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The U.S. can’t legally default on its debt, but a failure by Congress to raise the cap on how much the federal government can borrow could spark a funding crisis for major programs. 

Republican and Democratic lawmakers agree that the U.S. Consitution requires the federal government to honor its debt, which currently stands above $31.5 trillion. The requirement means that even if Congress refuses to raise the debt ceiling, incoming tax revenue will be used to pay the roughly $500 billion in annual interest owed to the nation’s creditors.

“There’s a reason why everyone says the debt ceiling is a bad hostage to take in budget negotiations,” said a centrist Republican lawmaker, who privately expressed reservations about the GOP’s debt ceiling stance. “If you’re taking a hostage, everyone needs to believe you’ll shoot the hostage if you don’t get what you want. We can’t really shoot the debt ceiling because the Constitution says you have to honor the debt.” 

That is not to say there are no consequences for Congress refusing to raise the debt ceiling. The federal government borrows money annually to cover the cost of defense and social welfare programs as it waits for tax revenue to come in. 

“Without raising the debt ceiling, the federal government would be obligated to keep paying interest on its debt and funding mandatory spending programs like Social Security and Medicare,” said David Ditch, a federal budget analyst at the Heritage Foundation. “But that leaves little money for other programs, including food stamps, unemployment benefits, tax credits, homeland security, among others.” 

If the debt ceiling is not raised later this year, the U.S. will face a shortfall between its more than $6 trillion budget and the $4.8 trillion it expects to take in from tax revenue. 

SEE ALSO: Kevin McCarthy takes entitlements cut ‘off the table’ ahead of debt limit meeting with Biden

The Treasury’s $4.8 trillion haul includes:

• Roughly $2 trillion from income taxes.

• $1.4 trillion from payroll taxes such as Social Security and Medicare taxes.

• $370 billion from corporate taxes.

• 140 billion from excise taxes, tariffs and customs duties.

That barely covers the budget’s big-ticket items if the government is forced to stop borrowing.

“Social Security, Medicare, Medicaid, defense, veterans’ benefits, and interest alone cost $4.2 trillion,” Brian Riedl, an economic policy expert at the Manhattan Institute, recently wrote in National Review. “Exempting these popular programs would force the immediate elimination of two-thirds of all remaining spending from programs such as food stamps, child nutrition, disability benefits, refundable tax credits, infrastructure, highway aid, the NIH, the FDA, national parks, homeland security, U.S. embassies, NASA, federal prisons, K–12 education, Pell Grants, unemployment benefits, and disaster aid.”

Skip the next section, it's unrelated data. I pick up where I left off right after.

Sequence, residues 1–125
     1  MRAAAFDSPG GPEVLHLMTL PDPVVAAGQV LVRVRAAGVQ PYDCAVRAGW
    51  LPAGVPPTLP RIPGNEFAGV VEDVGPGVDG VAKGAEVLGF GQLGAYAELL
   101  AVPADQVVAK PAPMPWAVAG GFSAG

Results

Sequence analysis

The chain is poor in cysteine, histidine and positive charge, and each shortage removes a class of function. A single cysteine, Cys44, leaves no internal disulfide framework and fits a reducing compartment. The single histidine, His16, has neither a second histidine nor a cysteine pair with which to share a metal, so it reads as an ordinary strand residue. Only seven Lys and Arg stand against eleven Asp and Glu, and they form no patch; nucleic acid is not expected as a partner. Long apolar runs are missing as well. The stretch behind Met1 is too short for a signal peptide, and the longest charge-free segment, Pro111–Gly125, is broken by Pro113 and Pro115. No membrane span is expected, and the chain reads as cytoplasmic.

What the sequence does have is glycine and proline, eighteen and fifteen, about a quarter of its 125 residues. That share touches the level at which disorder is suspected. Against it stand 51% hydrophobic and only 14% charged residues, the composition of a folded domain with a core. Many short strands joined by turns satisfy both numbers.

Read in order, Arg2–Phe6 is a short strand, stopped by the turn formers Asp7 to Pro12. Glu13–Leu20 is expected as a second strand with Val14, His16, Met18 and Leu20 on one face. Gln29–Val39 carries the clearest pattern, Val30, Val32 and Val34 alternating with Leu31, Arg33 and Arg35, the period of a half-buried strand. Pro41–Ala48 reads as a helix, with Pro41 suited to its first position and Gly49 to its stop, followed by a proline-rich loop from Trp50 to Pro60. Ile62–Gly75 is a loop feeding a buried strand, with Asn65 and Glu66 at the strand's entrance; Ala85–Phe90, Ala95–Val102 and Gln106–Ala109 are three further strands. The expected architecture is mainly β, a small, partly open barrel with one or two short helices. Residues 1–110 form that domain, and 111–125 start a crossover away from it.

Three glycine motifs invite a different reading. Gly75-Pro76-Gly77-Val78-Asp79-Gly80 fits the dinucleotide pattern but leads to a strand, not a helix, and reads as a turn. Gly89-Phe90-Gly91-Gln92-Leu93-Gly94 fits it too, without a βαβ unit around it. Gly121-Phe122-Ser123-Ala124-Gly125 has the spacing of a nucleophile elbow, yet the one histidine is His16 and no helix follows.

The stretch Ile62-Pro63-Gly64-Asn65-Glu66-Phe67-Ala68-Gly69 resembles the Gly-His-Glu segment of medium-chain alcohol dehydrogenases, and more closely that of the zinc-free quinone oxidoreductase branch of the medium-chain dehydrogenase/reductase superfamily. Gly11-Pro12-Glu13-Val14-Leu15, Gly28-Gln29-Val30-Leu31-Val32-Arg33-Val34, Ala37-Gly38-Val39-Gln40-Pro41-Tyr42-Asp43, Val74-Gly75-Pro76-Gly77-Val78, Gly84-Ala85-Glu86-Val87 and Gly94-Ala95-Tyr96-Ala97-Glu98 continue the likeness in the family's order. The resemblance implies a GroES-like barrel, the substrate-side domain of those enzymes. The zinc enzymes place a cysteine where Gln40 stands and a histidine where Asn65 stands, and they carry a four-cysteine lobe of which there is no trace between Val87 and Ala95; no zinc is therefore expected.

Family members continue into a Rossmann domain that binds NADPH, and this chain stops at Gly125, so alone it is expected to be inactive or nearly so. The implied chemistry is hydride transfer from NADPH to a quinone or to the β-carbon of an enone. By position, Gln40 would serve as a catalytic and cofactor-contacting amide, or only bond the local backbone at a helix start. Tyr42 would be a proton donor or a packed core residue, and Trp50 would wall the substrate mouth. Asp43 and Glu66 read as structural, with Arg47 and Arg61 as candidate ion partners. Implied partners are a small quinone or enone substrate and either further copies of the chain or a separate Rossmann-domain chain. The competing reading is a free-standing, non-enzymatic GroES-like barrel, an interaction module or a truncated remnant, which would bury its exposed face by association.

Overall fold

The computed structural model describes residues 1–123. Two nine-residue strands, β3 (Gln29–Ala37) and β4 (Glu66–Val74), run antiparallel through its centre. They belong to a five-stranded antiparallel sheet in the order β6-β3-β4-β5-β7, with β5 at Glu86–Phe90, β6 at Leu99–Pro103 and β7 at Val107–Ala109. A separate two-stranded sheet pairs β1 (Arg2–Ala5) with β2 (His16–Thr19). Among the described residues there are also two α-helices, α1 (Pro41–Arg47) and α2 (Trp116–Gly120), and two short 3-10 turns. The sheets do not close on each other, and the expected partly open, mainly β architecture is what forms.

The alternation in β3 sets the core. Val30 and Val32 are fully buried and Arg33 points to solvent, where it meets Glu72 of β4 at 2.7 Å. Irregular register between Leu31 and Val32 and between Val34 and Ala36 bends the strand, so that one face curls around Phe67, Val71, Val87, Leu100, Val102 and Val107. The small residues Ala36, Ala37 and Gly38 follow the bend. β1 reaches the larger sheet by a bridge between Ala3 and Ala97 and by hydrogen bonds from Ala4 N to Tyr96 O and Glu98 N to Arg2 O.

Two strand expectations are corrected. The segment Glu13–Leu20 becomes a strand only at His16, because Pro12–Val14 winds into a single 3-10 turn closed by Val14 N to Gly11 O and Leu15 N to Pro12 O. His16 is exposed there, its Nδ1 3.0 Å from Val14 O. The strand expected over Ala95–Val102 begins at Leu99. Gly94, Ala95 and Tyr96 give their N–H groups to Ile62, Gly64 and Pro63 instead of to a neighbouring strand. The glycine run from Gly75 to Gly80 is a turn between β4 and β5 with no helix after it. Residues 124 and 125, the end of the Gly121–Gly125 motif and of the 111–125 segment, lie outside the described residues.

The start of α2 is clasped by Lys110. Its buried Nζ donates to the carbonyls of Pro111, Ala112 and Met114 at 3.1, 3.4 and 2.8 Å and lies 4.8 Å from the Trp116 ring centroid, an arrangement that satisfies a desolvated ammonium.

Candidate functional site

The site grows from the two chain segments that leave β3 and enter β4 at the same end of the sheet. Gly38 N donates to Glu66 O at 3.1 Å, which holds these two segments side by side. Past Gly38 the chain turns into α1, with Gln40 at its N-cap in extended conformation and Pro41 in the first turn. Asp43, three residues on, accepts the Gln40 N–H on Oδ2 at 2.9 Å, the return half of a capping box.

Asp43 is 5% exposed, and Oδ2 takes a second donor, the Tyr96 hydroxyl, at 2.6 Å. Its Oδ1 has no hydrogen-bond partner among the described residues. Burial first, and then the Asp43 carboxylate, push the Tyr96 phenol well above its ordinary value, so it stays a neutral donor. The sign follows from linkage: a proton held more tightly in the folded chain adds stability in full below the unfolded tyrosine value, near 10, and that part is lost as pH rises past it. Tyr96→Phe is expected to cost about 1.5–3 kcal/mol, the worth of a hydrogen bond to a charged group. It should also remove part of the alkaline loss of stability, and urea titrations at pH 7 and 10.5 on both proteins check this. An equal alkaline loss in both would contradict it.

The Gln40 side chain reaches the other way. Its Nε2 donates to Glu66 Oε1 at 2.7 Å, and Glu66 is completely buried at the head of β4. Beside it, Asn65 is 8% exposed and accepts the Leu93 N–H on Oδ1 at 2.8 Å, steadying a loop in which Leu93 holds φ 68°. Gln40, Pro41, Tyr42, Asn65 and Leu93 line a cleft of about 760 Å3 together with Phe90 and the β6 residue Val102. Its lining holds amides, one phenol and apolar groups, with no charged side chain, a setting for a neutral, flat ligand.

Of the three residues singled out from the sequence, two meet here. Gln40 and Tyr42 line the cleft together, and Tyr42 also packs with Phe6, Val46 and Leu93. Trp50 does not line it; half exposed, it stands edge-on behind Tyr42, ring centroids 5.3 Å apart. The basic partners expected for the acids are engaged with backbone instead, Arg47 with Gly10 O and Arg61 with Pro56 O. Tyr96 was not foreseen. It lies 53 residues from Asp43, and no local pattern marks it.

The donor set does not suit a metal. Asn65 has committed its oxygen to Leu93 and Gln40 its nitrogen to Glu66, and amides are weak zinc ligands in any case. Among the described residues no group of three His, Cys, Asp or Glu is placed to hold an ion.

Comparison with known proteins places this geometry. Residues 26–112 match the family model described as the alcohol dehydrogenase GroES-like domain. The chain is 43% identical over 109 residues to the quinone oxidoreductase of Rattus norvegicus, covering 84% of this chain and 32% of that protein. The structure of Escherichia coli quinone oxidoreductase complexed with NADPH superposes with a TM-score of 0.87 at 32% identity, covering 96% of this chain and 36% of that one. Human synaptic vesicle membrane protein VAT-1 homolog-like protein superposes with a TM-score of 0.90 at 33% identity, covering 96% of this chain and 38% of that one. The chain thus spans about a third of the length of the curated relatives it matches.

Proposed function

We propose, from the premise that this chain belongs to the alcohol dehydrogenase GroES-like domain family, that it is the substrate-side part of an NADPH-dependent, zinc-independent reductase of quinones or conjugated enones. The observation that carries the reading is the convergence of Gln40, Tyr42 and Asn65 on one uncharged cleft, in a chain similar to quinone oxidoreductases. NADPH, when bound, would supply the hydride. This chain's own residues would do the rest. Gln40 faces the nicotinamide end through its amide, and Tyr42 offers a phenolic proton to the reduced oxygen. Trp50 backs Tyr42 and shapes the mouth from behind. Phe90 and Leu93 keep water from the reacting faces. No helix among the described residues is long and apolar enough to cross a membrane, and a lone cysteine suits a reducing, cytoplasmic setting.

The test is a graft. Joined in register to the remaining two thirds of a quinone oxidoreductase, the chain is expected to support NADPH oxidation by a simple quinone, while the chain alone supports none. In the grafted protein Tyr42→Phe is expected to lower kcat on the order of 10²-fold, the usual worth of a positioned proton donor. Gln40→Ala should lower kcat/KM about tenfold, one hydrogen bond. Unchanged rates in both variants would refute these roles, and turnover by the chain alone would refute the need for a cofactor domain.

House Minority Leader Hakeem Jeffries, New York Democrat, said forcing such a scenario to occur would be a veritable criminal act.

“That’s not negotiation, that’s blackmail,” he said. “What they’re essentially saying on the other side of the aisle is, ‘We will detonate Social Security, detonate Medicare, detonate veterans’ benefits or possibly even risk a catastrophic default for the first time in American history.’” 

House Speaker Kevin McCarthy has taken cuts to entitlement spending such as Social Security, Medicare and Medicaid off the table when meets Wednesday with President Biden for debt limit negotiations. But he insists that borrowing money to pay debts is unsustainable and getting spending under control must be a top priority.

“We’re not going to default. But let me be very honest with you right now,” Mr. McCarthy said on CBS. “[Default] won’t come to fruition until sometime in June. So the responsible thing to do is sit down like two adults and start having that discussion.”

House Republicans are willing to raise the debt ceiling in exchange for targeted spending cuts that would balance the budget over the next decade.

“We believe there ought to be specific, concrete limits on spending, attached to a debt ceiling increase,” Rep. Chip Roy, a Texas Republican and member of the House Freedom Caucus, told The Washington Times.

While Republicans have yet to publicize what cuts would be acceptable, lawmakers have proposed capping federal spending at levels authorized by Mr. Biden’s 2022 fiscal budget. Those spending levels are at least $130 billion lower than what Congress opted to appropriate in December when passing a $1.7 trillion measure to fund the government until the end of September. 

Defense spending alone has grown by nearly 10% — from $782 billion to $858 billion — between the 2022 and 2023 fiscal years.

“I want to make sure we’re protected in our defense spending, but I want to make sure it’s effective and efficient,” Mr. McCarthy said. “I want to look at every single dollar we’re spending, no matter where it’s being spent. I want to eliminate waste wherever it is.”

Mr. McCarthy’s right flank has other spending cuts in mind.

Mr. Roy said that defense spending was not necessarily on the table and that the $130 billion can be made up by slashing funding for domestic programs.

“This means cutting funding for the woke and weaponized bureaucrats that received massive increases under the $1.7 trillion omnibus,” he said.

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